- Copyright: 2004
- Dimensions: 6 x 9
- Page Count: 344 pages
- Hardcover ISBN: 978-0-271-02456-1
- Paperback ISBN: 978-0-271-02457-8
“A fine scholarly volume, Talking Democracy is a salutary corrective to any conception of political theorizing as something of a straightforwardly progressive enterprise which has long ago surpassed the wisdom of the ancients, who remain only to be caricatured or pillaged. The editors accomplish this by assembling a diverse collection of essays which draw upon pre-modern political thought in order to assess the idea of deliberative democracy. The contributors illuminate the shortcomings of that present-day endeavor to design the best regime by retrieving an understanding of deliberative practices and democratic realities which deliberative democratic theory forgets or abstracts away from, whether neglectfully or willfully. Above all, the book demonstrates the wrong-headedness of imagining the possibility and supposing the desirability of liberating deliberation from rhetorical persuasion.”
“This is an excellent volume, not only because the essays recover forgotten sources of profound reflection on rhetoric and the true nature of democratic deliberation, but also because the contributors display a remarkable flexibility in bringing historical perspectives to bear on contemporary issues. Perhaps the greatest virtue of this volume is the service it does in bridging the divide within political theory between the study of the history of political thought and contemporary attempts to construct new theoretical models. The contributors have not merely argued that even premodern sources can shed light on questions central to political theory today—they have demonstrated it.”
In their efforts to uncover the principles of a robust conception of democracy, theorists of deliberative democracy place a premium on the role of political expression—public speech and reasoned debate—as the key to democratic processes. They also frequently hark back to historical antecedents (as in the Habermasian invocation of the “public sphere” of eighteenth-century bourgeois society and the Arendtian valorization of the classical Athenian polis) in their quest to establish that deliberative procedures are more than “merely theoretical” and instead have a practical application. But for all this emphasis on the discursive and historical dimensions of democracy, these theorists have generally neglected the rich resources available in the history of rhetorical theory and practice. It is the purpose of Talking Democracy to resurrect this history and show how attention to rhetoric can help lead to a better understanding of both the strengths and limitations of current theories of deliberative democracy.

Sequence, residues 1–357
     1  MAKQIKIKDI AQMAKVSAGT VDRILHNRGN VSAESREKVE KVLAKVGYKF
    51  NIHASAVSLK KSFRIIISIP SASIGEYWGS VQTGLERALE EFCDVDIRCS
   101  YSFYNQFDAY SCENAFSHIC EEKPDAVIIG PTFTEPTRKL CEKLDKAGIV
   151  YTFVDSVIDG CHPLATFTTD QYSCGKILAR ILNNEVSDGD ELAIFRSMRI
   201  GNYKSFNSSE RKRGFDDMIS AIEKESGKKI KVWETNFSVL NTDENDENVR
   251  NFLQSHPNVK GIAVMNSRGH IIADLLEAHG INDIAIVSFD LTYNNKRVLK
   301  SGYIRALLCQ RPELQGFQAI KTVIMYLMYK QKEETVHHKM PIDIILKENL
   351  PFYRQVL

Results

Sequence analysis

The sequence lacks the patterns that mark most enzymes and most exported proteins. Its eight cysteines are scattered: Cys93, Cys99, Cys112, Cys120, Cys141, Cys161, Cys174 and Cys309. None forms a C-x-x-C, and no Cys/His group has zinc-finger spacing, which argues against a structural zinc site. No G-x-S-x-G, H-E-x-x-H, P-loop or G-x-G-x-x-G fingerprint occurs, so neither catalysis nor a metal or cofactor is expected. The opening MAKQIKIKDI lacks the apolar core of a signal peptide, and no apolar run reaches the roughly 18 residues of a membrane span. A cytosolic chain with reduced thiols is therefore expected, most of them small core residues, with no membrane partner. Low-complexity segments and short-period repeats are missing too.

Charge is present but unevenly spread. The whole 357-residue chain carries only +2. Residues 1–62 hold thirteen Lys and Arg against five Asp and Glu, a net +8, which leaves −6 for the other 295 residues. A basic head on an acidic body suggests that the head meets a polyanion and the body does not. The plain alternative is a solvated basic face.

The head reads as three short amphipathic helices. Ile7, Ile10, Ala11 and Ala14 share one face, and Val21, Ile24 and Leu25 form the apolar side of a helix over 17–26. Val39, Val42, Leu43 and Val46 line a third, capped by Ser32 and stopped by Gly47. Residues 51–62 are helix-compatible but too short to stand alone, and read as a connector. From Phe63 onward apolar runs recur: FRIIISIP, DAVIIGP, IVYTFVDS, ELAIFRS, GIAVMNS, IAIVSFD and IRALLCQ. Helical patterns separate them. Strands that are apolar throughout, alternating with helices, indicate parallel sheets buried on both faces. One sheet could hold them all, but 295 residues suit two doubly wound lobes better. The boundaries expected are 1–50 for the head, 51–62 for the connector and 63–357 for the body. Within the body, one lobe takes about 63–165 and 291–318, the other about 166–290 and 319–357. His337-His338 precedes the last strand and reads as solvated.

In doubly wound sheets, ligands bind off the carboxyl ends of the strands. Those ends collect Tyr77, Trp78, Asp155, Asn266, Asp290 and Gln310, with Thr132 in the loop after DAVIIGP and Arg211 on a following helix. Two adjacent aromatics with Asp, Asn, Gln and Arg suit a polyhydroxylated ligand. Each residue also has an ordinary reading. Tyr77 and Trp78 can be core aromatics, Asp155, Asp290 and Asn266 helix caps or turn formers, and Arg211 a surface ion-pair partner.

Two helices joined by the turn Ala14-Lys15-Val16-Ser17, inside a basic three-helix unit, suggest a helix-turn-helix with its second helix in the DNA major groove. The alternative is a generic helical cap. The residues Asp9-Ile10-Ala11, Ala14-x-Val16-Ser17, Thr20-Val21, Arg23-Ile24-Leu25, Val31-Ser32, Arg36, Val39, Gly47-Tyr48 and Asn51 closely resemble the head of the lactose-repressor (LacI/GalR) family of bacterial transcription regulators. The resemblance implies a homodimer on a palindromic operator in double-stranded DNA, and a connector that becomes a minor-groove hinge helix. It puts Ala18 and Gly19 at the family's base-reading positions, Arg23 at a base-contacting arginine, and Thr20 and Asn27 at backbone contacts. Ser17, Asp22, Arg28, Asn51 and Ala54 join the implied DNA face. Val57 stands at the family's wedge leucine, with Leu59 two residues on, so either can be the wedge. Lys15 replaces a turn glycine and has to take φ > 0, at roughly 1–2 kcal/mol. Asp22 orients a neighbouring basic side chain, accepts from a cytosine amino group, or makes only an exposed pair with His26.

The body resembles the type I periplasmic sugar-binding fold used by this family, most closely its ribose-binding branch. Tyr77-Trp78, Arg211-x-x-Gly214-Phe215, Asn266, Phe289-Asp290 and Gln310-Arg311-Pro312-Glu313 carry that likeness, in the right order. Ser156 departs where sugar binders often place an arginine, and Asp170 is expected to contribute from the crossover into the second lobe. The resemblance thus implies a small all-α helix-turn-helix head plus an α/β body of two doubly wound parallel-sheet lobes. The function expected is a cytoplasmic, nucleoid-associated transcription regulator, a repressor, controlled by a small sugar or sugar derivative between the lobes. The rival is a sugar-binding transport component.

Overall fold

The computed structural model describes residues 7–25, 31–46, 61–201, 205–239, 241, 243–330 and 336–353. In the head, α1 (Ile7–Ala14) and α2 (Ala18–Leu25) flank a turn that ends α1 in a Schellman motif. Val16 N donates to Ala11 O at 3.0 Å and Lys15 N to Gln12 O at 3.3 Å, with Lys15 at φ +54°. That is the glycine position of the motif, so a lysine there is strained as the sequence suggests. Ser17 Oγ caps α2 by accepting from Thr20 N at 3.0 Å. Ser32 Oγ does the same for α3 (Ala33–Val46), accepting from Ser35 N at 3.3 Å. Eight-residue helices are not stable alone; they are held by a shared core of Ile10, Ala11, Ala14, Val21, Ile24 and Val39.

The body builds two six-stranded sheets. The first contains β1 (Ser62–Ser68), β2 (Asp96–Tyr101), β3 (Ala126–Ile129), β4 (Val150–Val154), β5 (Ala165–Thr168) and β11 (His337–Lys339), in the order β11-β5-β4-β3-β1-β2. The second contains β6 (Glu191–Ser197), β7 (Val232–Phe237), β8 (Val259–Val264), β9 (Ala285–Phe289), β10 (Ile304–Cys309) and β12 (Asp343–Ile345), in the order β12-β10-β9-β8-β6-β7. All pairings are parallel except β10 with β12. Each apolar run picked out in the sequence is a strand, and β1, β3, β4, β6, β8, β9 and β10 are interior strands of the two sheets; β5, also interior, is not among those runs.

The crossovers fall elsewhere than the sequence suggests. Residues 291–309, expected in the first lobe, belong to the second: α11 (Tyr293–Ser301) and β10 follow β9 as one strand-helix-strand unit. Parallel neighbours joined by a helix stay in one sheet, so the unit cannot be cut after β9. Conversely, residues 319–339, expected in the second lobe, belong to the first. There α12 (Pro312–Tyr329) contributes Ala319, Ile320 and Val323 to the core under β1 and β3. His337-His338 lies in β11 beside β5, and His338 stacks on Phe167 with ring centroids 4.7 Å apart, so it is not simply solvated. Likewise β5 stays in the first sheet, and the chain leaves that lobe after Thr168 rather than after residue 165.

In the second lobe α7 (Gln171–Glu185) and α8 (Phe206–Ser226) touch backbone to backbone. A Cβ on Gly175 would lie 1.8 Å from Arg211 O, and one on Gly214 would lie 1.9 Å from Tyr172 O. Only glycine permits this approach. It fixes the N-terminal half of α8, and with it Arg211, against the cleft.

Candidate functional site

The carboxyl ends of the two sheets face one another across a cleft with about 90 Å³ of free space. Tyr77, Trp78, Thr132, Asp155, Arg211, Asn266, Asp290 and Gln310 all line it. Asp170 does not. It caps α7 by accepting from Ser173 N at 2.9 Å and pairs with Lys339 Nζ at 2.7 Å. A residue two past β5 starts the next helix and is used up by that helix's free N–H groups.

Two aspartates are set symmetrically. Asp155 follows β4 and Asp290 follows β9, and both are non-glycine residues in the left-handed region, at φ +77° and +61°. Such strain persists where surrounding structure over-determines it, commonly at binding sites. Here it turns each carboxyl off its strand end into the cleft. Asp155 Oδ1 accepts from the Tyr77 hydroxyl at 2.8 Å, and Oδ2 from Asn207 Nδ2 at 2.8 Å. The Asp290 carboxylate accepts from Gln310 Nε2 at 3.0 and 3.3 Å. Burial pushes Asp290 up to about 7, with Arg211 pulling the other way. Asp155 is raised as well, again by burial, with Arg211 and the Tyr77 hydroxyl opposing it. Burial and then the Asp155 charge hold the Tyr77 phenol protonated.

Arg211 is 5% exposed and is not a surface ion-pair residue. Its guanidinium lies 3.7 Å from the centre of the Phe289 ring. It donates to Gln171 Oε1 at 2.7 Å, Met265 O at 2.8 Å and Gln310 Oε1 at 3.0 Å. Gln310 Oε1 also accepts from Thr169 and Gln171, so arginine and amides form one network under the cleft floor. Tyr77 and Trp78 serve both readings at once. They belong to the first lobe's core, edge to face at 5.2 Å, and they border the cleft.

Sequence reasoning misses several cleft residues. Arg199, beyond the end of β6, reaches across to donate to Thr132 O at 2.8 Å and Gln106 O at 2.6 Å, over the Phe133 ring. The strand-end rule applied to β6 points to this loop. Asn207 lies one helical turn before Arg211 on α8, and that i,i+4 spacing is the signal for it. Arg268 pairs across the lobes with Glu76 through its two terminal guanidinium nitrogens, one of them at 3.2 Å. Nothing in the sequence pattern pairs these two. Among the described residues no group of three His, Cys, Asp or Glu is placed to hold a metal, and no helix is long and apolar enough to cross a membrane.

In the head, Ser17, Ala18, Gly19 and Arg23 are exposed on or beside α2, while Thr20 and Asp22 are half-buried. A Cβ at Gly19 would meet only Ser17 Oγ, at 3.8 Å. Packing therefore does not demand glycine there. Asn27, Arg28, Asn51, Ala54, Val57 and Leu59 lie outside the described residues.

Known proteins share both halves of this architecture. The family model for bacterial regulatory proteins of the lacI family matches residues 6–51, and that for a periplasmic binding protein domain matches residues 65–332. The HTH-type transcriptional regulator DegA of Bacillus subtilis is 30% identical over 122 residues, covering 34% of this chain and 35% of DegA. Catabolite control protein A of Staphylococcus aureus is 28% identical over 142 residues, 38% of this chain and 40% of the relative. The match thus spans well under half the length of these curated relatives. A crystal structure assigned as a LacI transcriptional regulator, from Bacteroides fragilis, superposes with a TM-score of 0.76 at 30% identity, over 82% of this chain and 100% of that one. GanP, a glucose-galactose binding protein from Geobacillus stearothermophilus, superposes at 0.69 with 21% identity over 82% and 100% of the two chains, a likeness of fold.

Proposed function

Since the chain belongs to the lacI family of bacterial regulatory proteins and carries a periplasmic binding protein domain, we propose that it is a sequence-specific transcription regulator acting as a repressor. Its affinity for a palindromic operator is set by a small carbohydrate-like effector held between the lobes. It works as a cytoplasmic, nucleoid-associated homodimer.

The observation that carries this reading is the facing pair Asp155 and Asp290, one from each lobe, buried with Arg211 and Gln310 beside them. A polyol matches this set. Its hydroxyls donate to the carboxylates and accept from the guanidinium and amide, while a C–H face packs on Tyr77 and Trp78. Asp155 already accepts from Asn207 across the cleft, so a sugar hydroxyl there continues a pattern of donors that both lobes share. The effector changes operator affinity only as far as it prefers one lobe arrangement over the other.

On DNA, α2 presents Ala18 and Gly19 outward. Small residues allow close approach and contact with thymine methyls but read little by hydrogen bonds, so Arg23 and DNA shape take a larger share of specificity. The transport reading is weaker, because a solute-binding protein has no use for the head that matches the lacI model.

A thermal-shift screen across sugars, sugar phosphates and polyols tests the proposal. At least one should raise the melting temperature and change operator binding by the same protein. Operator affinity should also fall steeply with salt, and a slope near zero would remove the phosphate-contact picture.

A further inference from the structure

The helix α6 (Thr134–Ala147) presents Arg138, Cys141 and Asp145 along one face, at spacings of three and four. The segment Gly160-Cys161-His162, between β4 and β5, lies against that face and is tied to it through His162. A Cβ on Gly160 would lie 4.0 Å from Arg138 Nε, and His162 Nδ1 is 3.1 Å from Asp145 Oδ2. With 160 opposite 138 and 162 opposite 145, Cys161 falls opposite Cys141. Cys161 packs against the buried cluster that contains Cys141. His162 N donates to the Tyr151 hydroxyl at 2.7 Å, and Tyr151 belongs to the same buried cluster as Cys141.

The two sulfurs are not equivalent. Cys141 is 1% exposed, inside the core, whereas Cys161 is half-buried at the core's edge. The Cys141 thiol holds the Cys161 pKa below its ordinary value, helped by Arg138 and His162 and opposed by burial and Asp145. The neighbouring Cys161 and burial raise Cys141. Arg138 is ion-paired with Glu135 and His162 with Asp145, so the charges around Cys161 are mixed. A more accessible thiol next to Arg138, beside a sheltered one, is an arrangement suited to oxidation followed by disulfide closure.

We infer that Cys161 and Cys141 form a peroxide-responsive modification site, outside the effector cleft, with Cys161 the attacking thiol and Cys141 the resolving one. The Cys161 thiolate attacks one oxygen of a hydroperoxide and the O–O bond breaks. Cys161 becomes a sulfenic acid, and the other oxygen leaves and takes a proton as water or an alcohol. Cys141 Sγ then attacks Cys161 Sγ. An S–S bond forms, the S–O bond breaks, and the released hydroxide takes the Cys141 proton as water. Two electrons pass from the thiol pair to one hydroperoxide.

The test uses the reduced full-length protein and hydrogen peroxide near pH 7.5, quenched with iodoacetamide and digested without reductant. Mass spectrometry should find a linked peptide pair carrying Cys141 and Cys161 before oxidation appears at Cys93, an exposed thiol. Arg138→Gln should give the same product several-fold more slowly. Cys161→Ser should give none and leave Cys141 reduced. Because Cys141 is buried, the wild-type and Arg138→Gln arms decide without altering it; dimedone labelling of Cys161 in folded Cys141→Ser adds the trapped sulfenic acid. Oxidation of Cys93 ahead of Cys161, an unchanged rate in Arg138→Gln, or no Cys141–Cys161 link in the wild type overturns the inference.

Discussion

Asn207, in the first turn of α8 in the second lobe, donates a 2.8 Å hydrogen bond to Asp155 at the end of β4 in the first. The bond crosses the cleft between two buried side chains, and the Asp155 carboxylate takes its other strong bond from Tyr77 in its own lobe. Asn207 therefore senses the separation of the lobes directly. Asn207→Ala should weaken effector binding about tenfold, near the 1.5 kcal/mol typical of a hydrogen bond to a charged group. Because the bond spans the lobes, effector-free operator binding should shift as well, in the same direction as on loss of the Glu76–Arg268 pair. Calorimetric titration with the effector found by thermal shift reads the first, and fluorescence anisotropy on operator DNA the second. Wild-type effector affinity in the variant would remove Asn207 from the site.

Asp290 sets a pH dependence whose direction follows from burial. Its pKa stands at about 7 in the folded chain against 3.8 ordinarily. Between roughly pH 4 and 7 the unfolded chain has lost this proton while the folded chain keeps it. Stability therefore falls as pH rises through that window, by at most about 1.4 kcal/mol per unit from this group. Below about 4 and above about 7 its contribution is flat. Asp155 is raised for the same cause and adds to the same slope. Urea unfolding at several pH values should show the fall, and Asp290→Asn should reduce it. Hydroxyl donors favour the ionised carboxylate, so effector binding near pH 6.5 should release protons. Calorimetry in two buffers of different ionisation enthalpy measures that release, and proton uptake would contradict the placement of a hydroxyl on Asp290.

Contributors, besides the editors, are Russell Bentley, Tsae Lan Lee Dow, Tom Murphy, Arlene Saxonhouse, Gary Shiffman, John Uhr, Nadia Urbinati, John von Heyking, and Douglas Walton.
Introduction: Deliberative Democracy and the Rhetorical Turn
Benedetto Fontana, Cary J. Nederman, and Gary Remer
1. Rhetoric and the Roots of Democratic Politics
2. Democratic Deliberation and the Historian’s Trade: The Case of Thucydides
Arlene W. Saxonhouse
3. Deliberation versus Decision: Platonism in Contemporary Democratic Theory
4. Rhetorical Democracy
5. Cicero and the Ethics of Deliberative Rhetoric
6. Disarming, Simple, and Sweet: Augustine’s Republican Rhetoric
John von Heyking
7. The Road to Heaven Is Paved with Pious Deceptions: Medieval Speech Ethics and Deliberative Democracy
Cary J. Nederman and Tsae Lan Lee Dow
8. Deliberative Democracy and the Public Sphere: Answer or Anachronism?
9. Auditory Democracy: Separation of Powers and the Locations of Listening
10. Reading J. S. Mill’s The Subjection of Women as a Text of Deliberative Rhetoric
11. Criteria of Rationality for Evaluating Democratic Public Rhetoric
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